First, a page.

19/06/2006

NI Criminal Justice System report published

The third annual report of the organised crime task force has today revealed that fuel smuggling and laundering has cost Northern Ireland public almost £250 million over the past year.

The report, of the Criminal Justice System Northern Ireland (CJSNI), also revealed that £50 million was seized from criminals.

Security Minister and Chair of the Organised Crime Task Force (OCTF), Paul Goggins said that "everyone is a victim of organised crime but everyone can play their part in ridding society of this scourge."

Mr Goggins was speaking today at the launch of a major public awareness campaign into the effects of organised crime in Northern Ireland, at which the successes against and continuing threat posed by it were outlined.

The Minister said: "Organised crime is big business in Northern Ireland and it’s our job to put it out of business.

"Make no mistake, organised crime is harmful and impacts on every man woman and child. It creates victims in every part of the community, from shop keepers robbed at gunpoint, to families destroyed by drugs, to citizens whose safety and livelihoods are jeopardised by counterfeit goods or extortionists.

"The Government through the OCTF is totally committed to relentlessly pursuing organised criminals from whatever source."

Mr Goggins added: "In the last year, over £7 million worth of drugs and almost £10 million worth of counterfeit goods have been taken off our streets, and over £30 million worth of criminal assets have been restrained, confiscated or seized. But good as the results are we are not complacent.

"I believe that the support of the public is vital to creating a society free from the blight of organised crime, a society in which we accept the shared responsibility for tackling it.

"I firmly believe that by working together - by combining effective enforcement with ongoing public support and collective responsibility - we will bear down on criminals and together we can rid our society of the economic and human costs of organised crime."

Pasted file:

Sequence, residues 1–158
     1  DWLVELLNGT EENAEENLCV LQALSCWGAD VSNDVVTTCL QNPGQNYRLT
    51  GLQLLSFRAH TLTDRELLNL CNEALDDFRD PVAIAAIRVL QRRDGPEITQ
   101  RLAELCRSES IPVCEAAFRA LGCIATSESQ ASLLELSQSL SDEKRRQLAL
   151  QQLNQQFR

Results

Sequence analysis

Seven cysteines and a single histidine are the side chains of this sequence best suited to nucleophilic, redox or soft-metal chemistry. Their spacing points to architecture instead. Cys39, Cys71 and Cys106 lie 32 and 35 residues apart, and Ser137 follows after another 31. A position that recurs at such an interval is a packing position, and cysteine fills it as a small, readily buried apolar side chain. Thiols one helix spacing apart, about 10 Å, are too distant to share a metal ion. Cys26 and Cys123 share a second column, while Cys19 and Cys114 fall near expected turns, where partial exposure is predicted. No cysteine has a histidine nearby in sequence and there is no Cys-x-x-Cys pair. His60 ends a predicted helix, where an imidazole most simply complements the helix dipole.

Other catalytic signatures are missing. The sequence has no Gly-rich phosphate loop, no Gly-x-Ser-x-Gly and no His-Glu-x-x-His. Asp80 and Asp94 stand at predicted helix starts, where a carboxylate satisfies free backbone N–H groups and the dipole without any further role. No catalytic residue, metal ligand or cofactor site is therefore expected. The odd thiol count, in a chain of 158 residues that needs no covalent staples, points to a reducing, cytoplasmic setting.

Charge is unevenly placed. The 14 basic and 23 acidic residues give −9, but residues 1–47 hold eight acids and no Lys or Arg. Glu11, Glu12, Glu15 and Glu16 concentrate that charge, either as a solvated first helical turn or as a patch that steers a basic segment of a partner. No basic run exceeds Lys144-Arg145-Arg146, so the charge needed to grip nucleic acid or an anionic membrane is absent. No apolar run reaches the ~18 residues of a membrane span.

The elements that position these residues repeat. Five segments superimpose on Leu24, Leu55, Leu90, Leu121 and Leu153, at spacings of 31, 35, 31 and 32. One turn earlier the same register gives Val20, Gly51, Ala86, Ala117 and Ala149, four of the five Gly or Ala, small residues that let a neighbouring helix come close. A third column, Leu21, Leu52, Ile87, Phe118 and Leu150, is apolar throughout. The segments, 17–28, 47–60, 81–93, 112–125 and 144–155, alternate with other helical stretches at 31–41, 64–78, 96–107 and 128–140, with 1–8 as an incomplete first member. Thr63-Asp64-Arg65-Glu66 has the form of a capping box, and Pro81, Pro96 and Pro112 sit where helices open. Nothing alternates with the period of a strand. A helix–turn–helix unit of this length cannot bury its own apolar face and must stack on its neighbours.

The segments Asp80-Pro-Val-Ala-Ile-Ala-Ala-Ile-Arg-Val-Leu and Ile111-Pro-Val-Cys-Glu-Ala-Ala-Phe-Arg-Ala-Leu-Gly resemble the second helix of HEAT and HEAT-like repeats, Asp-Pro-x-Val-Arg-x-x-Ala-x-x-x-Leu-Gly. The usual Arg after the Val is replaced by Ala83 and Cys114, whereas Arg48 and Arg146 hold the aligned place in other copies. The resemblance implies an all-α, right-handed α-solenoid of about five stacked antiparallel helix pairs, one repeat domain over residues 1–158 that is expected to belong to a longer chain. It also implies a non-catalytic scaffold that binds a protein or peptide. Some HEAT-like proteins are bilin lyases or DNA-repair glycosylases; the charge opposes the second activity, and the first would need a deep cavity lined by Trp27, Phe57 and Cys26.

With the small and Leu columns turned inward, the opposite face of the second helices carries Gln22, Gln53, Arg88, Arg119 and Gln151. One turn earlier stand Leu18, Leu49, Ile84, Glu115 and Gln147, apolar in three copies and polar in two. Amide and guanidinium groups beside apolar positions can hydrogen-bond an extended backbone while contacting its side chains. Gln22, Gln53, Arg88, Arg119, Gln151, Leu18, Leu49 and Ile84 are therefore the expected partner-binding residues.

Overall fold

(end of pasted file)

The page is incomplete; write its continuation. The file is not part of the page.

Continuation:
Criminal Justice Minister, David Hanson who unveiled the report said that the achievements to date of the reformed criminal justice system must be built upon to deliver further improvements and enhance confidence levels across the whole community.

Mr Hanson said: "This report shows the excellent work that has been done throughout the criminal justice system in the last year. The outworking of the Criminal Justice Review has continued unabated with one of the most significant structural reforms in the Northern Ireland criminal justice system over the last 60 years taking place in June 2005 with the launch of the new Public Prosecution Service (PPSNI)."

Mr Hanson continued: "These measures demonstrate that criminal justice agencies in Northern Ireland are working in partnership with each other, and with the public, to tackle the issues that are of real concern to the people of Northern Ireland. It is by working together that we will reduce crime and build confidence in the criminal justice system."

Chairman of the Northern Ireland Policing Board, Professor Sir Desmond Rea, who also attended the launch, praised the the work of the PSNI and partner agencies in the fight against organised crime.

He said: “Organised crime is an area of great concern to the Policing Board. The smuggling of fuel and tobacco, counterfeiting, drugs, extortion, armed robbery and money laundering affect communities across Northern Ireland and have a major impact on our economy."

Sir Desmond said that District Policing Partnerships had an important role to play in engaging with local people in order to raise their awareness of this important issue and gain their cooperation in preventing organised crime.

Hew said: "By engaging with their DPP and local police, the public have a real opportunity to assist in putting a stop to organised crime and to make their communities safer for everyone.”

(EF/SP)

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